Business rates may need revolution not revaluation

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Business rates may need revolution not revaluation

Business rates may need revolution not revaluation

I understand that, for most businesses, rates are the third biggest outgoing after staff and property costs. For me, as a property lawyer, and not a ratings expert, this is interesting, as clients need to ensure that they give consideration to their rates bill and not just their rental when agreeing to take a lease. The recent revaluation has brought the question of rates to the foreground as there is much debate about the charges and the system as a whole.

I’m writing this ahead of the Budget 2017. As things stand, the rates revaluation is causing a headache for many businesses who will see a hike in their rates come April this year. I’ve heard the increases expressed in all sorts of ways – 22,000 more pints, 2,000 more manicures - to add some context and understanding to the size of some of these increases. CAMRA have reported that almost half of England’s pubs will suffer from increased rates so naturally there is concern in this sector. As with retailers, pubs are faced with the difficult decision as to whether to raise their prices to help ease the burden of the additional taxation and face the prospect of losing customers as a result.

The reality is that there will be areas of the country where rates will actually fall in April but the astonishing increases in other parts – particularly in London and the south east – is grabbing the headlines and making eyes water and the licensed trade faces a particular fate, being reported as the only sector in which there are increases in every UK region.

Business rates are calculated on the hypothetical rental value of a property, as estimated by the Valuation Office. This rateable value is then combined with a “multiplier” to ensure that the total amount collected across the country remains the same. For pubs though, the values are assessed by taking account of trading potential as well as the property value, and it’s this additional facet which is adding to the burden in this sector. Whilst other businesses can benefit from taking operations online, pubs, bars and restaurants can’t, so they rely on their physical asset to generate profit and therefore have to pay the associated charges.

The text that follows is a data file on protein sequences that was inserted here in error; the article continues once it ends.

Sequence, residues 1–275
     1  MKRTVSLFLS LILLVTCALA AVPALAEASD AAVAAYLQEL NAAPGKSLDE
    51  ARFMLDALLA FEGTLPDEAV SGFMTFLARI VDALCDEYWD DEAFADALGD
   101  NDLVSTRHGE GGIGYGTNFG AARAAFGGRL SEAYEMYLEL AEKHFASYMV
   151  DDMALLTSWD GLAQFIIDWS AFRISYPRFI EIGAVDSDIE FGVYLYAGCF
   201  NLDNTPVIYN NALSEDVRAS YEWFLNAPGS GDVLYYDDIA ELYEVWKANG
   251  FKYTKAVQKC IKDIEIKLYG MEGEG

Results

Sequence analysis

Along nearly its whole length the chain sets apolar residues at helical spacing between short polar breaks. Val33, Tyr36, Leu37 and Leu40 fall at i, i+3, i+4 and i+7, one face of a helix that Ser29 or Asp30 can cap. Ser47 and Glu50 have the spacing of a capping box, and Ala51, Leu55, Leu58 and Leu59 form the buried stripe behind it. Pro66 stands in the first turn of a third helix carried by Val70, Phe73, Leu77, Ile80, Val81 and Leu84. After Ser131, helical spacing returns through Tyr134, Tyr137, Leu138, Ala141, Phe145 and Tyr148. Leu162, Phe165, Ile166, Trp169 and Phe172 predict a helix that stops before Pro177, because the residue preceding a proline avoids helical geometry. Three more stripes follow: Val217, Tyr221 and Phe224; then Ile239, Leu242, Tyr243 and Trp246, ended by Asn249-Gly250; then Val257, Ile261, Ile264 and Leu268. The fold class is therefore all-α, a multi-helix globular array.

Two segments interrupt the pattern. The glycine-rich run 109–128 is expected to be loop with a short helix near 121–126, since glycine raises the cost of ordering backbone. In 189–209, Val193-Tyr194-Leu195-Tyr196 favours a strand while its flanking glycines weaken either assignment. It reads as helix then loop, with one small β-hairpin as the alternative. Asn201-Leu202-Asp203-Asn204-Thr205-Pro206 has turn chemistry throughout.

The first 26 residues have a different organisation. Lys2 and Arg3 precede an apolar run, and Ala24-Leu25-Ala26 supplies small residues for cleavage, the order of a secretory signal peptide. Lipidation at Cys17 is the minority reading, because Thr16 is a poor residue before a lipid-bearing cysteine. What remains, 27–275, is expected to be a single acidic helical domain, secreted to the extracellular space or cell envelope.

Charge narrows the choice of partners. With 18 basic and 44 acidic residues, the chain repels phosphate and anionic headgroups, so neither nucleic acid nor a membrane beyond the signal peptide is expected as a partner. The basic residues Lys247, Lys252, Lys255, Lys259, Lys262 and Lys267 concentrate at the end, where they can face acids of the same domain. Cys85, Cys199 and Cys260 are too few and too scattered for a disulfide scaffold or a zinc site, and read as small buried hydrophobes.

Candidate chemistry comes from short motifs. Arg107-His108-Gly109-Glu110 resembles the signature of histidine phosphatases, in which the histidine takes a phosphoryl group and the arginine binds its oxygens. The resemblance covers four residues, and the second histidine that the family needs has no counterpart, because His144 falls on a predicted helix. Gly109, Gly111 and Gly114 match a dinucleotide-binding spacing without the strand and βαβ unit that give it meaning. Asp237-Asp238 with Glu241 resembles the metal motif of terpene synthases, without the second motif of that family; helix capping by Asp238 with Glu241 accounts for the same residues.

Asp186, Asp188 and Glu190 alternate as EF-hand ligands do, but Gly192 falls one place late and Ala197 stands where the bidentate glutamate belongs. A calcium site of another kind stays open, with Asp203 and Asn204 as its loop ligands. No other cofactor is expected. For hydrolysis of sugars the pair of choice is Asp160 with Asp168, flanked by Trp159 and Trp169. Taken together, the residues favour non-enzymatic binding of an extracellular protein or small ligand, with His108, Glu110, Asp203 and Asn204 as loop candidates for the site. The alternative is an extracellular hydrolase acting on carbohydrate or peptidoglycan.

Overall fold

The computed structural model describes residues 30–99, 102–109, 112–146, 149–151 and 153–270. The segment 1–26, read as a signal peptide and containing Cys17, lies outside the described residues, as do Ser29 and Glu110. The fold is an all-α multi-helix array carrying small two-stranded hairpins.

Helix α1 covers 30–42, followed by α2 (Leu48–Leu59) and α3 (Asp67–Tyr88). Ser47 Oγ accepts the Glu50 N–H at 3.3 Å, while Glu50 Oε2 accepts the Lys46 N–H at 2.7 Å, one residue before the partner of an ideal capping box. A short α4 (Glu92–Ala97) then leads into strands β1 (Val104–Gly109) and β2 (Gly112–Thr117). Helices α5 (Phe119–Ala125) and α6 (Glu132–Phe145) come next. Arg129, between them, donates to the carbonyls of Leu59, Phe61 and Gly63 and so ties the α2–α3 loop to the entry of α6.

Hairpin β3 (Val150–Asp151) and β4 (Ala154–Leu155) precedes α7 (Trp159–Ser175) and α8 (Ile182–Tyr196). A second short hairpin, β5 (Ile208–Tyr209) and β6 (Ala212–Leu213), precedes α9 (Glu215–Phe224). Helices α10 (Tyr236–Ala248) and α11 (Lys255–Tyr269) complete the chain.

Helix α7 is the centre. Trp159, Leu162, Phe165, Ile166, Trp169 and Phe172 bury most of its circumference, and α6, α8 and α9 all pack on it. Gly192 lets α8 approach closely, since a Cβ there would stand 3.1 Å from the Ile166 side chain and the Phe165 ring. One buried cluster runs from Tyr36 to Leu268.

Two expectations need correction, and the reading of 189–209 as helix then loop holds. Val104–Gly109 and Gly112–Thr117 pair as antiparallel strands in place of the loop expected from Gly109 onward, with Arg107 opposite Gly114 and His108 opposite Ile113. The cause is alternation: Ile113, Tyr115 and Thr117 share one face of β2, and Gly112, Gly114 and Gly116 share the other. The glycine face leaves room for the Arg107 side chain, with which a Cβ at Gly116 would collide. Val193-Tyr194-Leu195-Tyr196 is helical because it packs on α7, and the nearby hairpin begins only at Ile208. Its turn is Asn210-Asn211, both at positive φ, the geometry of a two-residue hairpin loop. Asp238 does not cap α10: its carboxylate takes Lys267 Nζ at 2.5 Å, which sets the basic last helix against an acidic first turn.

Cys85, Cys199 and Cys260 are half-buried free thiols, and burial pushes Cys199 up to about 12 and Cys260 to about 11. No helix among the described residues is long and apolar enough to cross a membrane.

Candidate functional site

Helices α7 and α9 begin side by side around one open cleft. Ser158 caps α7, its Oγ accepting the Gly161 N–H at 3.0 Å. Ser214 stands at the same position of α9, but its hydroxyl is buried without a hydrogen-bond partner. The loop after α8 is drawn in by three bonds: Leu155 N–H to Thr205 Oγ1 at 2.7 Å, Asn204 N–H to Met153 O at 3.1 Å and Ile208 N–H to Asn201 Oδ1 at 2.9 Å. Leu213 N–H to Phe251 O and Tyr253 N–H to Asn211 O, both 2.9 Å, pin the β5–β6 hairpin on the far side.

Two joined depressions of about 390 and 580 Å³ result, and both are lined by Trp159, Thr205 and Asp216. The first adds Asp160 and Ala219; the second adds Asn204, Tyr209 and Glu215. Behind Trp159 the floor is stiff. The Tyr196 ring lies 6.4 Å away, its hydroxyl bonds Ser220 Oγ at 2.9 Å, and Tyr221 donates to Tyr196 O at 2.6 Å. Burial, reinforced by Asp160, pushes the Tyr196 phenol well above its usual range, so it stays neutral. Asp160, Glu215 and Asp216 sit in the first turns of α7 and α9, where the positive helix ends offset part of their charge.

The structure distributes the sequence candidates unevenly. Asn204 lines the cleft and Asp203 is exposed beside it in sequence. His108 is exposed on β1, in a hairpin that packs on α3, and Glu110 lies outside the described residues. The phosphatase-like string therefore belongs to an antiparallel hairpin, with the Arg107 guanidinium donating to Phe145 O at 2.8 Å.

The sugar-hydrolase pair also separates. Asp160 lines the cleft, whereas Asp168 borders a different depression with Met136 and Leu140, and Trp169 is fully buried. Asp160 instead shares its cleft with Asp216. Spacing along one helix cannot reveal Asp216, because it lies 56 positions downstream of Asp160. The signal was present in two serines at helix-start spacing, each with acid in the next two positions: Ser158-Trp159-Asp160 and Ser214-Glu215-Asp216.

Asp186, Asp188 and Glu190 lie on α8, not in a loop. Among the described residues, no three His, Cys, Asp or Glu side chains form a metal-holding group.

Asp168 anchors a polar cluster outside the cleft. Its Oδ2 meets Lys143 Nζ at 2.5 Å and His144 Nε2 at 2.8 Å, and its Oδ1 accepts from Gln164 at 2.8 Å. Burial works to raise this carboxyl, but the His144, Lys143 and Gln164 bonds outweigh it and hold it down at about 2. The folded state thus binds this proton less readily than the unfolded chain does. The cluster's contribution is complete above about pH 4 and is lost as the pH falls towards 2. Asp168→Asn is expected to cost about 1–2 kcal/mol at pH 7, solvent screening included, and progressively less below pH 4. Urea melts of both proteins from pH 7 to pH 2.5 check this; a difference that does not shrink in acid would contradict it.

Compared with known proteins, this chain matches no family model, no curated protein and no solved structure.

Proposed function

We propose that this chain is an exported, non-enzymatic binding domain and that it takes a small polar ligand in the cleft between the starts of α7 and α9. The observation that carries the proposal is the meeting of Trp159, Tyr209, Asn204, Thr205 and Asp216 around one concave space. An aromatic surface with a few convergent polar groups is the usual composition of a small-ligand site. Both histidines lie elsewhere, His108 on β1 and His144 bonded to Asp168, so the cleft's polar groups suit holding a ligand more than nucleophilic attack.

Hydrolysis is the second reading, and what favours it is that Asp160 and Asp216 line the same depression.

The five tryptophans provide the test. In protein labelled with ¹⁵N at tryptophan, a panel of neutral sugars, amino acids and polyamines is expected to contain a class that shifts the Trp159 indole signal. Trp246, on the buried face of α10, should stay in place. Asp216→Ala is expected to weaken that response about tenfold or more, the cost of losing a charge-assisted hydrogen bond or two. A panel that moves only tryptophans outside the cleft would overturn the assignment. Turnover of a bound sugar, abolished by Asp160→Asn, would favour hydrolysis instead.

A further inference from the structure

Industry professionals are lobbying the Government to take urgent action ahead of the new business rates taking effect on 1 April, especially in the context of Brexit and the need to ensure that the UK – and London in particular - remains attractive as a centre for business, but also in the context of the licensed industry suffering from the turnover element of the calculation.

There is increasing criticism about the rates system as a whole with some commentators suggesting that the system, which effectively penalises thriving areas – and in the case of pubs, penalises landlords for creating successful establishments - and distributes charges across sectors disproportionately to the percentage of the economy they account for, is unfit for purpose.

The Government is doubling small business rate relief, and providing a transitional fund to reduce the impact of rises but many believe these are just temporary fixes for a broken system. In the pub sector in particular, there’s a feeling amongst those whose rates are actually reducing that this is too late for them to benefit and a real concern amongst those who are about to see increased rates that this additional expense will put them out of business.

Let’s see what the Budget brings.